THE HALF DECENT FOOTBALL MAGAZINE

Former England international Tony Woodcock had two spells as a player with Cologne and settled in Germany aftr retiring. He has since worked as a coach and for a management company representing players as he told Andy Lyons

“I got a FIFA agent’s licence when I joined the company I now work for 18 months ago. We do everything connected with sport from TV production to internet coverage. My depart­ment is sports management, dealing with boxers and ice hockey players as well as footballers. When I first moved to Cologne from Forest [in 1979], a transfer to another country was a complicated business, like something from a James Bond story, with secret talks and flying here and there. I learned a lot about how things were organised and later in my career players would come to me for advice on things like moving clubs.

After I retired, I got into coaching with lower level clubs in Cologne. I also took at job with Leipzig, who had been one of the top east German clubs, when they were in the second division in 1994. I was advised against going but I was naive. The problem was the players expected to be told what to do all the time. I think the club wanted me to come in because I was an outsider and they thought I might shake things up. But this was only a few years after reunification and it would take a while for the players to adapt to being professionals in a Western sense.

Now we’re dealing mainly with players coming to Bundesliga clubs. They’ve got to be good to get signed up in the first place, and we cover everything to do with their move and their careers once they’ve arrived. The problems come when players are brought over just because they’re cheaper. Lower down the leagues in Germany you get agents who just take a player from one country, whether its Africa or eastern Europe, dump him with a club then forget about him. Obviously that’s not in the best interests of the clubs, who end up with sub-standard players, or the players, who end up stranded.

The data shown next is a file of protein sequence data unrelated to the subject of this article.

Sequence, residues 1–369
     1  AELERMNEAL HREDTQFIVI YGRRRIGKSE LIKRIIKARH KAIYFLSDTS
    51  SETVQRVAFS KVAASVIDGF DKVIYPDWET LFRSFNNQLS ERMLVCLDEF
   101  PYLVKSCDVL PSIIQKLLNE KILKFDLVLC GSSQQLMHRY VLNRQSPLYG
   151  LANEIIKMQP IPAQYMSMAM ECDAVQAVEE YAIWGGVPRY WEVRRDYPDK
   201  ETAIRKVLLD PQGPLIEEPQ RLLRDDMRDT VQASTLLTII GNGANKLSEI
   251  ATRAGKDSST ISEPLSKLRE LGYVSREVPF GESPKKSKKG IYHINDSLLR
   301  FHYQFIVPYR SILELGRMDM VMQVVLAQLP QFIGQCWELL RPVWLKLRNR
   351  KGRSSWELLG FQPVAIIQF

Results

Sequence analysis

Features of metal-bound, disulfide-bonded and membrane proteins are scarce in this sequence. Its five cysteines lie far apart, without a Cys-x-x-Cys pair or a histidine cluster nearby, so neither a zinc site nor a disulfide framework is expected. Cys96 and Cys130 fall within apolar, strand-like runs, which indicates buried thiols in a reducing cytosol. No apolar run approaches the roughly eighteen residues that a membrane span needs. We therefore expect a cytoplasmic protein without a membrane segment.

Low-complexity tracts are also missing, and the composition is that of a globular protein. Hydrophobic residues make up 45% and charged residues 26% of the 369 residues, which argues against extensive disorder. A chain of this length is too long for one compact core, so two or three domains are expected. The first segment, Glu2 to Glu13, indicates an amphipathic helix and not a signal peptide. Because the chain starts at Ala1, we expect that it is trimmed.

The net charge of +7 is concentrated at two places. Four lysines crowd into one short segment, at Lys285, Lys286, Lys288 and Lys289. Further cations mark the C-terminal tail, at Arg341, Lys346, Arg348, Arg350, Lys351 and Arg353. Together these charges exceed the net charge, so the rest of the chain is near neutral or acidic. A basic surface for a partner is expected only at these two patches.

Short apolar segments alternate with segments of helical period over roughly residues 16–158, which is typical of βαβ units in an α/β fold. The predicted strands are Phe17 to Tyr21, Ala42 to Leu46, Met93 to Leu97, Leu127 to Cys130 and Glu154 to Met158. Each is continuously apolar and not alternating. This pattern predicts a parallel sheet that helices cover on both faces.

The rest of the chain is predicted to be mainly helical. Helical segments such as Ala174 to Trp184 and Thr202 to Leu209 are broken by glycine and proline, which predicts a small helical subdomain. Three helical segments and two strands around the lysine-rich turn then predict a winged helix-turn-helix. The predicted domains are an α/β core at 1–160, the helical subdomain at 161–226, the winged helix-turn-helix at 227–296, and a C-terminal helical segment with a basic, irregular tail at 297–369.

The coaching I received as player was completely different to what they get now. It’s a different world. In the old days you’d go to train on a muddy pitch then have a cup of tea afterwards. Today players go to work in a massive training complex, they train twice a day, they take all sort of physical tests, have their diet checked, the preparation is much more thorough.

Whether it’s always better, though, you couldn’t say. Good coaches can still produce results on lesser resources, and it depends on the players’ attitude too. Forest won the European Cup without ever being one of the big spending clubs of their day. A similar thing happened in Germany in the 1970s at Mönchengladbach, where there was a good coach [Hennes Weisweiler] who built up a team almost from scratch and won European trophies.

Soon it’s going to be compulsory for coaches in the UK to have a licence and that can only be a good thing. In Germany it takes four to five years to become a ‘qualified football teacher’. Everyone hates the course when they start. At first they might be telling you things that you feel you already know, but at least you think to yourself, ‘Well, OK, at least I’ve got that confirmed’. Then they show you new things that can give you a different perspective on the job. What that should tell any club is that someone who’s spent time learning has to be a better bet than an ex-player who’s not got any qualifications, even if he has played all over.

I could see myself coming back to England at some point if there was a role at a club that was prepared to plan for the long-term future. There’s too much short-termism in English football now. A club will give a manager £20 million, which he spends, and then if he doesn’t succeed, they sack him, then they give the next guy another £20 million, then sack him and so on and that money is just going out of the club. What they need are people who can put together a long term plan, who will find out about players before they sign them so they don’t end up with someone who’s carrying an injury and never plays. But it’s no good leaving that to a board of directors.”

From WSC 169 March 2001. What was happening this month